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“Do not merely listen to the word, and so deceive yourselves. Do what it says.” (James 1:22)
One of the all-time genius psychology studies was conducted by John Darley and Daniel Batson in the 1970’s at Princeton Theological Seminary. Darley and Batson were studying the psychology of prosocial behavior – why people do good things for others. Specifically, they wanted to examine whether acts of kindness are due more to innate qualities or to situational factors.
In the study, a group of seminary students were given the task of preparing a talk on Luke 10:25-37, Jesus’ parable of the Good Samaritan (which I preached on this past Sunday). The students were told that they would need to walk to a nearby building, where they would meet up with a team member and deliver their sermon. A third of the participants were told that they had plenty of time to get there. Another third was told that they were on-time, but needed to head over now so as to not be late. The third group was told that they were running late.
Each student was sent out individually to walk through a narrow alleyway that was only four feet wide. Unbeknownst to the seminary students, the researchers had rigged the situation by placing a fallen stranger in the alleyway, who was told to appear sick and in need of help. Because the alleyway was so narrow, the students would not be able to get to the other building without stepping over the fallen stranger. Would the seminary students, on their way to preaching a sermon about the Good Samaritan, stop to help the man in need?
The researchers found that 63% of the “early” participants stopped to help the stranger. 45% of the “on-time” participants stopped to help. And only 10% of the “late” participants helped the stranger. Overall, only about 40% of the seminary students paused on their way to preach a sermon about the Good Samaritan to actually be a good Samaritan to the person in need.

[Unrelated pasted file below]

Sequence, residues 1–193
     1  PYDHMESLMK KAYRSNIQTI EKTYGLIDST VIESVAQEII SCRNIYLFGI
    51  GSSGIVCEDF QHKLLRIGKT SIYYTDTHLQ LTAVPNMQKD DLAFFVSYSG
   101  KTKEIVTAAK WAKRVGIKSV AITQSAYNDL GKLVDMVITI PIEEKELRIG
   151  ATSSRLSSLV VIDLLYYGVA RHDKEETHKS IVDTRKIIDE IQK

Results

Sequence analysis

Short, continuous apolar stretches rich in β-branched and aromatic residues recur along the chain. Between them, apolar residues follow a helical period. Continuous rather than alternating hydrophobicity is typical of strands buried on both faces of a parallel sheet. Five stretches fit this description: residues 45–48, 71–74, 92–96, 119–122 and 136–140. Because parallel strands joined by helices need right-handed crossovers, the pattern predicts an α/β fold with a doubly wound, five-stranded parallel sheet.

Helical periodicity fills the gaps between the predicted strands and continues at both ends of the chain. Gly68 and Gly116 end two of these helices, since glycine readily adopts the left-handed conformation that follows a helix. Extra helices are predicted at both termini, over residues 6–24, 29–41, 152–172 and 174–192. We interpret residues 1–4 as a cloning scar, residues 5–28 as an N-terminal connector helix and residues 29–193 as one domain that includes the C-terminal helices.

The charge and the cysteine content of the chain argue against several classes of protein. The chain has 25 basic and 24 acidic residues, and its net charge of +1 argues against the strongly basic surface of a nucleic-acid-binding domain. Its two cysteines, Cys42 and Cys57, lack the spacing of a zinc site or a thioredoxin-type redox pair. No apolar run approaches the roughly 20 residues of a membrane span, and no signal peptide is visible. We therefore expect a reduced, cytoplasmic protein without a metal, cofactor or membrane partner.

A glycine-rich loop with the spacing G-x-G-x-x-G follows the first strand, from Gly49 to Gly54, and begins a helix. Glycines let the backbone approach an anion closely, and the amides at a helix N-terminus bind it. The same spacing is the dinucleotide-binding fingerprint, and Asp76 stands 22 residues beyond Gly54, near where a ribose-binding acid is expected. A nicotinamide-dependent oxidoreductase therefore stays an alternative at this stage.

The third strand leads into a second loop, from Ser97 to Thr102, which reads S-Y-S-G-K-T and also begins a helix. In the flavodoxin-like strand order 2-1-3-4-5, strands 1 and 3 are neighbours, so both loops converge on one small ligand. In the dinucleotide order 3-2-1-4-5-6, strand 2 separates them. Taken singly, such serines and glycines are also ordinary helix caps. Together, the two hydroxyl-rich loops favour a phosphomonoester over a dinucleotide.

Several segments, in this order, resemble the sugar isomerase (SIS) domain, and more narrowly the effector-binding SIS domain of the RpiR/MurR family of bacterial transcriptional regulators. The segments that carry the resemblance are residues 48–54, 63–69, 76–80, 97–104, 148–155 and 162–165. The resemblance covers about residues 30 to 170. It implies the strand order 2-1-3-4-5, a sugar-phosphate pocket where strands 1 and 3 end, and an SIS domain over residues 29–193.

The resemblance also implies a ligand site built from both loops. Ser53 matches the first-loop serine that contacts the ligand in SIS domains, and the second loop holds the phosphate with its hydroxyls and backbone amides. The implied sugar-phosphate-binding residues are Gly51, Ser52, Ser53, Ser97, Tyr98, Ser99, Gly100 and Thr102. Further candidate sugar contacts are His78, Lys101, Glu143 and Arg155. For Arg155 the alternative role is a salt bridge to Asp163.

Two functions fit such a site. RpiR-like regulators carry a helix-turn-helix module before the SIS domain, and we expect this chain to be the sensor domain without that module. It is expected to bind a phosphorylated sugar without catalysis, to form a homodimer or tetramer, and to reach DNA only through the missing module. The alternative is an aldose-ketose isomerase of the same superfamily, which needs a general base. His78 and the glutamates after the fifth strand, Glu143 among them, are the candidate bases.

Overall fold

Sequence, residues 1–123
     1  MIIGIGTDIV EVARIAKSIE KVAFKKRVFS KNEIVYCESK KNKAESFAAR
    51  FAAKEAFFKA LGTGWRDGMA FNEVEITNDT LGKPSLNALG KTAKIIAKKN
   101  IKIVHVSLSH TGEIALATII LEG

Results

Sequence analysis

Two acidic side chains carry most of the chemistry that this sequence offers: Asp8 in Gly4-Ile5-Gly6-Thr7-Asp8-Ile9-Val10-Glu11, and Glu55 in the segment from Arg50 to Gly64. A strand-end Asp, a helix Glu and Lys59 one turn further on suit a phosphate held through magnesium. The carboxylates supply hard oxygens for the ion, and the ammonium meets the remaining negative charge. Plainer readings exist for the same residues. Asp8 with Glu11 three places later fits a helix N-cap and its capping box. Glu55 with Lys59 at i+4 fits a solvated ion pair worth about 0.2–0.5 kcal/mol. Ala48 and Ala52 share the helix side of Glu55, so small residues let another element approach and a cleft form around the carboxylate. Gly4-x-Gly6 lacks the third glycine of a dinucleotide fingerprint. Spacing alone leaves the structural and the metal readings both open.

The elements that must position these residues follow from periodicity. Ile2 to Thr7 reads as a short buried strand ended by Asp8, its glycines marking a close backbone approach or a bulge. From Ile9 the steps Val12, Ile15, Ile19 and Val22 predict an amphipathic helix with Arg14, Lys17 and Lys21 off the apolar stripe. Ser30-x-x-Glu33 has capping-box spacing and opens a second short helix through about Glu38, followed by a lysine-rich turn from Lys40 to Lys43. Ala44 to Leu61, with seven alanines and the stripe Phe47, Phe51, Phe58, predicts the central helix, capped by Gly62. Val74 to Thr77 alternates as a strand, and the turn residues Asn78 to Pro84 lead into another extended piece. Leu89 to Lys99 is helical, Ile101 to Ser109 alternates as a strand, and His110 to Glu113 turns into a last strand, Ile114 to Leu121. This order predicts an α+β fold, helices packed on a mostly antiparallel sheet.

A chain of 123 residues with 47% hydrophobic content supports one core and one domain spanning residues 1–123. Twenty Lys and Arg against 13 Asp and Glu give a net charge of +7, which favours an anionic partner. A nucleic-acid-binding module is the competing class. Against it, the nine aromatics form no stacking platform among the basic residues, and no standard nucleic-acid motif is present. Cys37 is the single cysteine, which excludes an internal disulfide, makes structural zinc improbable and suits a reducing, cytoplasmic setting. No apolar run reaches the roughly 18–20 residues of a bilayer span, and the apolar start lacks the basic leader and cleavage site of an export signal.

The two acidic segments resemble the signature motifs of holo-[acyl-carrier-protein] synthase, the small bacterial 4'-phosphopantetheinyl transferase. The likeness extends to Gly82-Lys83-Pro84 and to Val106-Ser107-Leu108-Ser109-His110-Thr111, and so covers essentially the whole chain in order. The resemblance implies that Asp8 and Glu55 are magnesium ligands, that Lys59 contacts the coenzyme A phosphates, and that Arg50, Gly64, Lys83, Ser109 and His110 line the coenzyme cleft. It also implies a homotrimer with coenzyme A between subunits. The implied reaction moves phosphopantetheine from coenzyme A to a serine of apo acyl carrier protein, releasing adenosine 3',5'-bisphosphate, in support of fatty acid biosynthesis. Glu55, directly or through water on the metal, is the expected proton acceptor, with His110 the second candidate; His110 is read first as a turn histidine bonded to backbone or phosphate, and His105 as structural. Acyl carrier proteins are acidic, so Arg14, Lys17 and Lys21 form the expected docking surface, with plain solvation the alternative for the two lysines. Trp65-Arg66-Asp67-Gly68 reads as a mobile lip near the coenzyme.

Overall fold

The most obvious irony is that a large percentage of a group of seminary students, about to teach on the parable of the Good Samaritan, failed to actually stop and help someone in need. It seems like a clear case of James 1:22-23, hearing the word but not actually doing it. But a more relevant challenge to us might be seeing the effect that a hurried lifestyle can have on our awareness of the opportunities for ministry that God has placed all around us. In the study, only 10% of those who believed they were late for their sermon actually stopped to help.
I can certainly sympathize with the seminary students, for I hate to be late, and the stress I feel can drive me to be rude and dismissive to anyone who contributes to my lateness. But I think I can say with confidence that God cares more about whether or not we stop to help someone in need than whether or not we are on time. We must be careful not to let either promptness or productivity become an idol that we place above our service to God and our fellow human being.
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